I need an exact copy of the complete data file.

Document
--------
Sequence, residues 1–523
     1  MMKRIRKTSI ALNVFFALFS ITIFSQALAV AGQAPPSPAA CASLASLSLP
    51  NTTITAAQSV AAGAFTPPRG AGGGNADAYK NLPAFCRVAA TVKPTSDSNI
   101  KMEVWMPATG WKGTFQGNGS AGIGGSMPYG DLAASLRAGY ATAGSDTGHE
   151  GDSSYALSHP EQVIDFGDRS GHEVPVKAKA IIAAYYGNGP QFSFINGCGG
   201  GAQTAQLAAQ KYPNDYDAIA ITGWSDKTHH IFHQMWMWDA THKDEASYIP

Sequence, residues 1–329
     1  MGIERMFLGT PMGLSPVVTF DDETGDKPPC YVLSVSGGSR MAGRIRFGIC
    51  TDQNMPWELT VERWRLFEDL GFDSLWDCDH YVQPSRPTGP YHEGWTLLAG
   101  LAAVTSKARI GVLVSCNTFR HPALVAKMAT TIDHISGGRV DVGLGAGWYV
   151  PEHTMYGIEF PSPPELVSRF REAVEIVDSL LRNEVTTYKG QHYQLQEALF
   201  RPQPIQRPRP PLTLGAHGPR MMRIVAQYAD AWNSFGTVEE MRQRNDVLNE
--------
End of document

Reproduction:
Sequence, residues 1–523
     1  MMKRIRKTSI ALNVFFALFS ITIFSQALAV AGQAPPSPAA CASLASLSLP
    51  NTTITAAQSV AAGAFTPPRG AGGGNADAYK NLPAFCRVAA TVKPTSDSNI
   101  KMEVWMPATG WKGTFQGNGS AGIGGSMPYG DLAASLRAGY ATAGSDTGHE
   151  GDSSYALSHP EQVIDFGDRS GHEVPVKAKA IIAAYYGNGP QFSFINGCGG
   201  GAQTAQLAAQ KYPNDYDAIA ITGWSDKTHH IFHQMWMWDA THKDEASYIP

Sequence, residues 1–329
     1  MGIERMFLGT PMGLSPVVTF DDETGDKPPC YVLSVSGGSR MAGRIRFGIC
    51  TDQNMPWELT VERWRLFEDL GFDSLWDCDH YVQPSRPTGP YHEGWTLLAG
   101  LAAVTSKARI GVLVSCNTFR HPALVAKMAT TIDHISGGRV DVGLGAGWYV
   151  PEHTMYGIEF PSPPELVSRF REAVEIVDSL LRNEVTTYKG QHYQLQEALF
   201  RPQPIQRPRP PLTLGAHGPR MMRIVAQYAD AWNSFGTVEE MRQRNDVLNE